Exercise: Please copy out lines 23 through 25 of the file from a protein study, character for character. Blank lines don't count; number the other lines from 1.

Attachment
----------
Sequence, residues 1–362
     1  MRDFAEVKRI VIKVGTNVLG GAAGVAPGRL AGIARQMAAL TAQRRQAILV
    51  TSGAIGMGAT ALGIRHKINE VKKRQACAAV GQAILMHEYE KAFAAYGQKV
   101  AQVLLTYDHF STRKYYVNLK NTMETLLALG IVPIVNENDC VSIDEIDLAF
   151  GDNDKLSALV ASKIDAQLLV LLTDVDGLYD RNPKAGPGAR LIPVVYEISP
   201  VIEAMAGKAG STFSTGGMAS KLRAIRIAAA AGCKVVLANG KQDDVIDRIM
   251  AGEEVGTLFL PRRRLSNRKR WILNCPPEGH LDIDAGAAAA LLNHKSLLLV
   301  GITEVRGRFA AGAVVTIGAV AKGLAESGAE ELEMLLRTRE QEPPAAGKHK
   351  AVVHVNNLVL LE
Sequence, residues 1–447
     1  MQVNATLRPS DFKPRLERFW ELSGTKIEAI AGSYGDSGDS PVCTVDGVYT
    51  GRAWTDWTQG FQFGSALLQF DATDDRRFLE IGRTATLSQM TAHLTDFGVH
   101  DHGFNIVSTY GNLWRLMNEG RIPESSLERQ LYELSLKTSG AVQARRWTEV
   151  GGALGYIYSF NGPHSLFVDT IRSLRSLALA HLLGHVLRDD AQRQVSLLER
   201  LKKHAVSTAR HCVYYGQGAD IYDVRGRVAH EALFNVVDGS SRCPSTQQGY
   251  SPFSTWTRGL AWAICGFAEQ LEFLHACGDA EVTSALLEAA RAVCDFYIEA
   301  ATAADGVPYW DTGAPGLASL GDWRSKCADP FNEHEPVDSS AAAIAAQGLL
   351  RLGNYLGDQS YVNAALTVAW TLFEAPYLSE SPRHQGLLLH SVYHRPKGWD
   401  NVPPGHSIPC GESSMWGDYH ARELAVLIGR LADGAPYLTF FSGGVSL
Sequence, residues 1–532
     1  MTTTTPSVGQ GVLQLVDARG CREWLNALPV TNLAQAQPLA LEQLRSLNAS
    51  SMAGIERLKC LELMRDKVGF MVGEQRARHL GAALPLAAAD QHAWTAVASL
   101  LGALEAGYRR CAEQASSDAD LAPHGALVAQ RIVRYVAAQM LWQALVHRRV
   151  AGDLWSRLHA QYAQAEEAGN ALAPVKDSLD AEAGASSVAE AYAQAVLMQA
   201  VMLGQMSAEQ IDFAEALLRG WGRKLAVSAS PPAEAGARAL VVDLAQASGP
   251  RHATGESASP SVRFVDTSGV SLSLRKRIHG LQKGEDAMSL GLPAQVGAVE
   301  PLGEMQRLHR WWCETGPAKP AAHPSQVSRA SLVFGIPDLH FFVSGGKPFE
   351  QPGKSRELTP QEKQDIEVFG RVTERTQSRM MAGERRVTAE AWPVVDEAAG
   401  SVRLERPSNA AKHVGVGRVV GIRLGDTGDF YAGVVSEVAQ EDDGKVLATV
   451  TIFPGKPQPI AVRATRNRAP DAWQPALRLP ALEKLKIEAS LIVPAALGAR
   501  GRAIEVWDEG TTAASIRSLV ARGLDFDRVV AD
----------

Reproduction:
   101  LGALEAGYRR CAEQASSDAD LAPHGALVAQ RIVRYVAAQM LWQALVHRRV
   151  AGDLWSRLHA QYAQAEEAGN ALAPVKDSLD AEAGASSVAE AYAQAVLMQA
   201  VMLGQMSAEQ IDFAEALLRG WGRKLAVSAS PPAEAGARAL VVDLAQASGP